The air quality in Delhi deteriorated to the "poor" category on Wednesday with the number of stubble-burning incidents going up, authorities said.
According to the Ministry of Earth Sciences' forecast body SAFAR, the national capital's Air Quality Index (AQI) was recorded at 222 and it is likely to degrade further over the next two days due to an expected rise in the number of stubble-burning incidents.
"Delhi's AQI is in the poor category. Fire count's share in PM2.5 is 12 per cent. Fire emission from upwind region enhances PM2.5 concentration as winds at transport level are from the northwest region.
"Stubble burning share is likely to increase in the next two days if there is no rain. The overall AQI is likely to further degrade to the higher-end of the poor category for the next three days," it said.
According to the data from the Indian Agricultural Research Institute (IARI), a total of 969 farm fires were recorded in the six regions with Punjab accounting for 788, Haryana for 155, one in Uttar Pradesh, four in Rajasthan and 21 in Madhya Pradesh. No fire was recorded in Delhi.
On October 19, 562 farm fires were recorded collectively in the six regions with Punjab accounting for 496, Haryana for 55, five each in Uttar Pradesh and Rajasthan, and one in Madhya Pradesh. No fire was recorded in Delhi.
On the previous day, 60 farm fires were recorded in the six states, of which Punjab recorded 57 incidents, Haryana one and Rajasthan two. There were no fires in Delhi, Uttar Pradesh and Madhya Pradesh.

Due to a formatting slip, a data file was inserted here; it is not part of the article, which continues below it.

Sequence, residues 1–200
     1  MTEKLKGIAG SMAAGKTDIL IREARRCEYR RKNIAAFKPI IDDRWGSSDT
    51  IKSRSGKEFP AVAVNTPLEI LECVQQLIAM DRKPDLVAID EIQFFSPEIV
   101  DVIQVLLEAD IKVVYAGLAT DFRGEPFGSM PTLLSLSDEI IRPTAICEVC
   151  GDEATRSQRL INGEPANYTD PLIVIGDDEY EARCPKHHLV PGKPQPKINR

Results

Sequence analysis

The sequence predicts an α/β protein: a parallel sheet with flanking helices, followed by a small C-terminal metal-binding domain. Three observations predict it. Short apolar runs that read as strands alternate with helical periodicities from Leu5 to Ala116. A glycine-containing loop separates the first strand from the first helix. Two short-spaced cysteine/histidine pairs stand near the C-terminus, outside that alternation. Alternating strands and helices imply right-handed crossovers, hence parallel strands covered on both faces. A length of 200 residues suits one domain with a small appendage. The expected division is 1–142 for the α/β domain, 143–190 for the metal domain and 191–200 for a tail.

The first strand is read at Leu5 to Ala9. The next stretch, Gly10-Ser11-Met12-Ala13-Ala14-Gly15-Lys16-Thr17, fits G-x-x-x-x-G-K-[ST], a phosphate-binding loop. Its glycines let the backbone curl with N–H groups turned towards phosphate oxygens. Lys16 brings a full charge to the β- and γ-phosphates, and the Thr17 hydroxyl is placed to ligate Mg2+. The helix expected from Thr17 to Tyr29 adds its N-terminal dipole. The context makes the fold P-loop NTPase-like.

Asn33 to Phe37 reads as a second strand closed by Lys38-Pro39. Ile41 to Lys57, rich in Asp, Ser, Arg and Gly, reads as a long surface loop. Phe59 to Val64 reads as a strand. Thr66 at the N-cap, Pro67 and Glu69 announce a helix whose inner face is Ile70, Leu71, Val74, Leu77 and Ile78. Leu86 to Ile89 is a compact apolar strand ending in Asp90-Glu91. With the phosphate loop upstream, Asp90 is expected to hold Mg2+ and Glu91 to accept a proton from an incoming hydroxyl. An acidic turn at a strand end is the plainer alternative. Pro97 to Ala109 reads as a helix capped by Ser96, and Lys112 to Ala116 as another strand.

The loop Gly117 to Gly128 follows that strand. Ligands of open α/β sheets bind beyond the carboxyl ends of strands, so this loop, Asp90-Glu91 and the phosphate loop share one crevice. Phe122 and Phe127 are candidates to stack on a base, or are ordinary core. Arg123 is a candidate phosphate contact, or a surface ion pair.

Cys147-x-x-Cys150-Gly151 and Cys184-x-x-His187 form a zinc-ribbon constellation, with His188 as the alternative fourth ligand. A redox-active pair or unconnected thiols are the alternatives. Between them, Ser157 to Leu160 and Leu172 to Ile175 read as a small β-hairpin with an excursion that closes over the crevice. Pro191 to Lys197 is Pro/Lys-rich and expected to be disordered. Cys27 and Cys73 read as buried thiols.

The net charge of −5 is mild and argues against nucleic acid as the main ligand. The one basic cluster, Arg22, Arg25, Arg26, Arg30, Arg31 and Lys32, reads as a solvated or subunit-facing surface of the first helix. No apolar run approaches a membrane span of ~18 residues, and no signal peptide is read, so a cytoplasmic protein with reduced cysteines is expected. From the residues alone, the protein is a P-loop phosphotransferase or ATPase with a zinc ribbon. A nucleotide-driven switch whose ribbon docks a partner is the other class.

However, the IARI said detection of burning events by satellites was hampered due to clouds over eastern Uttar Pradesh and Madhya Pradesh.
A total of 4,768 burning events were detected in the six states between September 1 and October 19, which are distributed as 2,942, 1,082, 625, zero, 34 and 85 in Punjab, Haryana, Uttar Pradesh, Delhi, Rajasthan and Madhya Pradesh respectively.
Overall, the total number of burning events recorded in the six states is 56.7 per cent less than in 2020 till date. Punjab recorded a 65.4-per cent reduction, Haryana recorded a 6.9-per cent reduction, Uttar Pradesh recorded a 25.5-per cent increase, Delhi recorded a 100-per cent reduction, Rajasthan recorded a 88.8-per cent reduction and Madhya Pradesh recorded a 83.7-per cent reduction in the current season as compared to 2020.
Scattered rainfall over north India had significantly brought down pollution in the national capital on Tuesday with the AQI in the "good" category at 82.
Stubble burning in the neighbouring states significantly contributes to the air pollution in Delhi.
The active fire events due to rice residue burning were monitored using satellite remote sensing, following the new "Standard Protocol for Estimation of Crop Residue Burning Fire Events using Satellite Data".
Punjab and Haryana attract attention during the paddy harvesting season in October and November.
Farmers set their fields on fire to quickly clear off the crop residue before cultivating wheat and potato. It is one of the main reasons for the alarming spike in pollution in Delhi-NCR.